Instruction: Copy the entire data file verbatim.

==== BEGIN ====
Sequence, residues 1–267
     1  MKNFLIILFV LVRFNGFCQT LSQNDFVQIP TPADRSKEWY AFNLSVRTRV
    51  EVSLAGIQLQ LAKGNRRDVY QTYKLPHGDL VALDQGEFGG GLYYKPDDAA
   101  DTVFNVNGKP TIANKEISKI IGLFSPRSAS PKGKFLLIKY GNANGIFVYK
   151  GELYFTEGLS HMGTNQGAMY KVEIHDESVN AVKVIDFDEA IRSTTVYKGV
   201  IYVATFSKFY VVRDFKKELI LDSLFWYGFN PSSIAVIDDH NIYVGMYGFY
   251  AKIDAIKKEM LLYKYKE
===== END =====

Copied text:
Sequence, residues 1–267
     1  MKNFLIILFV LVRFNGFCQT LSQNDFVQIP TPADRSKEWY AFNLSVRTRV
    51  EVSLAGIQLQ LAKGNRRDVY QTYKLPHGDL VALDQGEFGG GLYYKPDDAA
   101  DTVFNVNGKP TIANKEISKI IGLFSPRSAS PKGKFLLIKY GNANGIFVYK
   151  GELYFTEGLS HMGTNQGAMY KVEIHDESVN AVKVIDFDEA IRSTTVYKGV
   201  IYVATFSKFY VVRDFKKELI LDSLFWYGFN PSSIAVIDDH NIYVGMYGFY
   251  AKIDAIKKEM LLYKYKE